The second – more impressive – way is the way used to nose the barrels. It is the way the master distillers use since they can’t stick their nose down a barrel. It consists of covering your glass with the palm of your hand and then shake the glass until your palm is wet. Put the glass down and rub your hands together quickly (think Mr. Myagi) to burn off the alcohol. Then quickly cup your hands and stick your nose in, breathe in. Welcome to Laphroaig.
While at Laphroaig, we claimed our lot, and got a dram in exchange. To claim your lot, you have to walk into a field counting paces… The whole thing is a little fishy but it was fun. 😉
Claiming our lot. What we wouldn’t do for a dram! (And yes, that’s a tasting glass in my pocket, I’m not that happy to claim land)
We then made our way to our B&B – Lyrabus Croft – before heading out to dinner. When we reached the B&B (right after the cockerel), we met Diedre and Gibson. They are lovely hosts, and are very endearing. I would return there without hesitation. For dinner, we tried to go to Bridgend Hotel, but because of the Festival, most places were fully booked for dinner. We ended up having dinner at the Harbour Inn in Bowmore, where the food was excellent if a little pricey.
Called it a night around 11 pm. Come to think of it, I’m not sure you can call anything “a night” at the 57th parallel. 😉
View from my B&B window at 4am.
Islay, day two
After yet another full Scottish breakfast, we headed to Bowmore, and went on the express tour. Bowmore is one of the few distilleries where they still use the malting floors.
Malting floor at Bowmore
We then headed to Ardbeg for some food at the Old Kiln Café, right before our “Now and then” tour.
Note: During my stay, I visited 18 distilleries. I’m not going to write a step-by-step description of each distillery, but I’ll briefly mention the highlight of the distillery, if there’s one. I’ll most likely then do a post just about the process of creating whisky. That last sentence? It will eventually become a link.
The highlight at Ardbeg was when we got first crack at the exclusive Festival bottle (only 1,000 bottles not available before Saturday). This is one of the four bottles I brought back. You can read about my loot in a previous post.
Clowning off at Ardbeg (after a few drams, of course)
After Ardbeg, we decided that we should drive to Kildalton to see one of the finest early Christian crosses in Scotland, the High Cross of Kildalton, dating from the second half of the 8th century.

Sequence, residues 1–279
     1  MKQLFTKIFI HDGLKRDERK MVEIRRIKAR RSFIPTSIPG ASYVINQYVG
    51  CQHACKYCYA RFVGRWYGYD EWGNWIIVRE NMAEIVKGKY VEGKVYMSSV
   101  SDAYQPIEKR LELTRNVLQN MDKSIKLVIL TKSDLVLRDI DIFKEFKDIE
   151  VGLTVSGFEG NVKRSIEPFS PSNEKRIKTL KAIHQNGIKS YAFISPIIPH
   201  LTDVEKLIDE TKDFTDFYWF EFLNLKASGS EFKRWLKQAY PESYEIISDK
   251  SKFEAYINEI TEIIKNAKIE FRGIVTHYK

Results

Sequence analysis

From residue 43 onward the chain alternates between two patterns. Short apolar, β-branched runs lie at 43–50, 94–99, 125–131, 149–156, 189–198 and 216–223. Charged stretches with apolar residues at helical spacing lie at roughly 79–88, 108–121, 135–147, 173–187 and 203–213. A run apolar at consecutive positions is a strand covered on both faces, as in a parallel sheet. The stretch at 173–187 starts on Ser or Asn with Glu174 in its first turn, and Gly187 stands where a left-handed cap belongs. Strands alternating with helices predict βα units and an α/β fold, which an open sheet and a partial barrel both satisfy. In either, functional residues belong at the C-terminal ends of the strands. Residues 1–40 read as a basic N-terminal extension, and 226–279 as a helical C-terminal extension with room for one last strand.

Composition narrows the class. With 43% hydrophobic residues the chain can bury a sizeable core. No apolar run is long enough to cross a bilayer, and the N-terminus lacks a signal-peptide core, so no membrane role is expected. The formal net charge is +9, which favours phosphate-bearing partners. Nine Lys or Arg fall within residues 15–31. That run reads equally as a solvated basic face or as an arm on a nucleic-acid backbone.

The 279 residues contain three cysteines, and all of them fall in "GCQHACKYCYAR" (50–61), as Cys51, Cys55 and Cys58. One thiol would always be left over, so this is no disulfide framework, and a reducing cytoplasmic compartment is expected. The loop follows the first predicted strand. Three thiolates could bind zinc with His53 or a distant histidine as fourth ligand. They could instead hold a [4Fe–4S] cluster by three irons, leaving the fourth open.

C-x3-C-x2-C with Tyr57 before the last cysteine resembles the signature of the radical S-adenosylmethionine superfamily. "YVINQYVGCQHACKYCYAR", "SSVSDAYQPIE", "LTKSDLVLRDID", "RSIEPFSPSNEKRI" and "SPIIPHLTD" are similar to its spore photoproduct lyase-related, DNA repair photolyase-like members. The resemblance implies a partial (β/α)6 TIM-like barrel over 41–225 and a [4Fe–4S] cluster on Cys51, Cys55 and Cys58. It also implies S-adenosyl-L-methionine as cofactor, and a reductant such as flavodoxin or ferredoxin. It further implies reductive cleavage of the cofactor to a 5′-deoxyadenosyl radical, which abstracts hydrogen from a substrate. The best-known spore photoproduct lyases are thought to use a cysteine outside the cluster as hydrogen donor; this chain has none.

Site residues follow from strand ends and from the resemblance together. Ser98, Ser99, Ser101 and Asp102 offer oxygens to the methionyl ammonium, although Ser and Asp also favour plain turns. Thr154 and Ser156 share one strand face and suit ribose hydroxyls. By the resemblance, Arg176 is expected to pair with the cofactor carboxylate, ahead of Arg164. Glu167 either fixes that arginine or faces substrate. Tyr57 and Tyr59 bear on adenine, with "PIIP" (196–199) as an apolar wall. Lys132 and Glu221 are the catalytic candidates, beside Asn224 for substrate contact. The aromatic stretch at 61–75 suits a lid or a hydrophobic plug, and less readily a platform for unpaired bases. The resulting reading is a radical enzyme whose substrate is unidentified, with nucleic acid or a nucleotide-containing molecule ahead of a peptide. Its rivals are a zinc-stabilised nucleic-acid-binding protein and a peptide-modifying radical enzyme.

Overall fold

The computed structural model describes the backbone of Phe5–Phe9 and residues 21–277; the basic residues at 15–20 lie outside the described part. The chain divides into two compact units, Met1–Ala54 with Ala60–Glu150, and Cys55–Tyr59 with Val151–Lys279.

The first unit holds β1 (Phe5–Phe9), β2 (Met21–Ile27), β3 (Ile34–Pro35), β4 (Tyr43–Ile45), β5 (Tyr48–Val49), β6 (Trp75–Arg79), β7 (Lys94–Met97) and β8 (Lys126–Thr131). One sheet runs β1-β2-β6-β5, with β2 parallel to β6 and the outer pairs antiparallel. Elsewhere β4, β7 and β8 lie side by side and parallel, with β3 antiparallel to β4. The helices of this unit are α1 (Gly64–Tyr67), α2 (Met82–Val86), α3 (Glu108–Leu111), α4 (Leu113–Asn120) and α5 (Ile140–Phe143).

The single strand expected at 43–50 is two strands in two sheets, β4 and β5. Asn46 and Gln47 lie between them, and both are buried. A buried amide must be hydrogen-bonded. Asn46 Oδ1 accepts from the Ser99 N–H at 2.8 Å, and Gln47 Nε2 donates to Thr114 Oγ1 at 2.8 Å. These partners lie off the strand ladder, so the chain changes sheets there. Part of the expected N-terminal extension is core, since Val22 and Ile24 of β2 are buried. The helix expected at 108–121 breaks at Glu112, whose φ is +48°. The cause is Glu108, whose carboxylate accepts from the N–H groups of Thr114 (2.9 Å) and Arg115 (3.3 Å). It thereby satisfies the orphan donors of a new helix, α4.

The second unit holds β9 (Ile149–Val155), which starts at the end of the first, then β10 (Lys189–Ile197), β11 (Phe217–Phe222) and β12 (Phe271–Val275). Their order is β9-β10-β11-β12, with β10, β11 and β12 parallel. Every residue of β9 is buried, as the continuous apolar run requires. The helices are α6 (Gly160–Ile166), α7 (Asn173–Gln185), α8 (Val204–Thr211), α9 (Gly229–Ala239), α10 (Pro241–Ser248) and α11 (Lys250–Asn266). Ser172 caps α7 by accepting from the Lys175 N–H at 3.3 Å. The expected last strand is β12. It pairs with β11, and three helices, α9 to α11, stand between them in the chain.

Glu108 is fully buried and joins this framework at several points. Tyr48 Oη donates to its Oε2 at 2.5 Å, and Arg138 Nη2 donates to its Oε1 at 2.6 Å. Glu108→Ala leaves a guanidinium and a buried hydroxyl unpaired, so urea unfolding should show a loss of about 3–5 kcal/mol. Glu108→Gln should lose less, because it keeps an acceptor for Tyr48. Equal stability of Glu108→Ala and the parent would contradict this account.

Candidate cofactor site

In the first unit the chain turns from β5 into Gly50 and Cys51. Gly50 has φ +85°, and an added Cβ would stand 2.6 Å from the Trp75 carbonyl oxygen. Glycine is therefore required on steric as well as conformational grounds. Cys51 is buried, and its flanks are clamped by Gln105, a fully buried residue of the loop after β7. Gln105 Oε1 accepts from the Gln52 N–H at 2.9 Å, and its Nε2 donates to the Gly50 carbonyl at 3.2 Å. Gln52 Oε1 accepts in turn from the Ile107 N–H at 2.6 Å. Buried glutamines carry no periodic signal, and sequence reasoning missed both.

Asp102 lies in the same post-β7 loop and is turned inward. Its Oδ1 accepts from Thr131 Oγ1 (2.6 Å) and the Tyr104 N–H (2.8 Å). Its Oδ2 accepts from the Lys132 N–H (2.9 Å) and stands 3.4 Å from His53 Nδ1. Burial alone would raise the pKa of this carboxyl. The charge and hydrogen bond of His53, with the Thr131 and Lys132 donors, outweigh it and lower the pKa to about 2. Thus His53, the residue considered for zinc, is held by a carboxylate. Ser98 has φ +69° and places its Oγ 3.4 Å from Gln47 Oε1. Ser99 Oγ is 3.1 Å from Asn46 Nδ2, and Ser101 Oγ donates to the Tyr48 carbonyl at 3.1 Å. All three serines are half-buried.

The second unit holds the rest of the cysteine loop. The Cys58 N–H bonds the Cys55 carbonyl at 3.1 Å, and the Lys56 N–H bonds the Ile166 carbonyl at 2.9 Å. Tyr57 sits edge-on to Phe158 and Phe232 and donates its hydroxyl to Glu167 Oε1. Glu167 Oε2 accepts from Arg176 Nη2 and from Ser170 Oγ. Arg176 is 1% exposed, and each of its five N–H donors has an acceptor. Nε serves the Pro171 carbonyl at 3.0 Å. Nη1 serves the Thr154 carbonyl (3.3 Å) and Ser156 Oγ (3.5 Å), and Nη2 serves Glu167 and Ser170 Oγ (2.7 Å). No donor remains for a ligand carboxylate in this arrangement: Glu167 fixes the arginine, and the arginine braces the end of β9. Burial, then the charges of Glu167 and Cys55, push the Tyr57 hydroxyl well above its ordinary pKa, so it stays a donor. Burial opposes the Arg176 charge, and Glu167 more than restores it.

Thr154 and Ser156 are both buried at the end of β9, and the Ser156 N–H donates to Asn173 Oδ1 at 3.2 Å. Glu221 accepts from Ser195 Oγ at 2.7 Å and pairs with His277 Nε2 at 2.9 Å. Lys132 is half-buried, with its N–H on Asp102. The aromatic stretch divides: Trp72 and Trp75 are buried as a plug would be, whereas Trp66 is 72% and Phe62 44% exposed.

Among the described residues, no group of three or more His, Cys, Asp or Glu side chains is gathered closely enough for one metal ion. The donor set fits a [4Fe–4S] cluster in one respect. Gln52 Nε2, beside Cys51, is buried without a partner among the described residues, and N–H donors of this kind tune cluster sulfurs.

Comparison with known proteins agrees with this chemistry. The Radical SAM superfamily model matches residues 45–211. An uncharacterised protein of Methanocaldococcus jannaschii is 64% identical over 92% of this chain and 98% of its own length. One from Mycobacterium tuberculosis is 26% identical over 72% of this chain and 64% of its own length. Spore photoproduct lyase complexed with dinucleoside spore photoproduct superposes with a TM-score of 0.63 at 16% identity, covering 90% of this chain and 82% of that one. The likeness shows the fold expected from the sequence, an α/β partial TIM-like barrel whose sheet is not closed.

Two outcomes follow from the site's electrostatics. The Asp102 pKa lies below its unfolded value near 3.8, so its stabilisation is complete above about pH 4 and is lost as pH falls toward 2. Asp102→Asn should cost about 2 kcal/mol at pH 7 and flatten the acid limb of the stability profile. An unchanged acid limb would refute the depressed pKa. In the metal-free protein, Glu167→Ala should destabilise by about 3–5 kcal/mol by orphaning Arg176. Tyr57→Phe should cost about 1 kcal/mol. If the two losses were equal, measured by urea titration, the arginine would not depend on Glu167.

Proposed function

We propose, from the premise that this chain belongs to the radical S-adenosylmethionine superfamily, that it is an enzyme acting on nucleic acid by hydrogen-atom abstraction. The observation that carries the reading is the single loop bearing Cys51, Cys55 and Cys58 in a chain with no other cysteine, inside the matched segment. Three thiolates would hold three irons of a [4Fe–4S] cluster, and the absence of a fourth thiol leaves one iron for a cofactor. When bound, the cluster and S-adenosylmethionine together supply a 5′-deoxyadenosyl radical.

The weather turned for the worst, but we decided to push further and go for the lighthouse at the end of the road. That made LovelyWife really happy.
This is also the spot where we say our first Hairy Coo.
Food at the Bridgend Hotel and sleep. That was the end of day two on Islay.
Islay, day three
We got up early to hit Caol Ila, where Martin got the Distillery exclusive, I got the Friends of Malt bottle). We then dropped by Bunnahabeihn for a quick dram and a stamp. We again had lunch at the Cyber Café, where the owners recognize us!
The highlight of the day – and possibly of the whole trip for me – was Lagavulin, where we got drunk in the warehouse with Ian the Master Distiller.
We stopped for wine on the way to dinner in Port Charlotte, and the girls managed to get another free dram while we were buying wine. Short pit-stop at Bruichladdich, where the Master Distiller told us that if we didn’t ask, we couldn’t get, so we asked and even though the shop was closed, we still managed to get a dram before leaving.
As you can see, we were all a little more than tipsy when we managed to get back to the B&B.
And thus concludes part deux of the massive Scotland recap. Stay tuned for parts three (and possibly four) of this magnificent adventure.
*There are only 8 distilleries on Islay. We visited 7.
You can read all the recaps by following these links:
- Scotland Recaplet
- 1,737 Pictures
- The Loot
- Scotland Recap – Part one
- Scotland Recap – Part deux
- Scotland Recap – Part three
- Scotland Recap – Part four
- Scotland Recap – Part five
- Ode to Secret-Scotland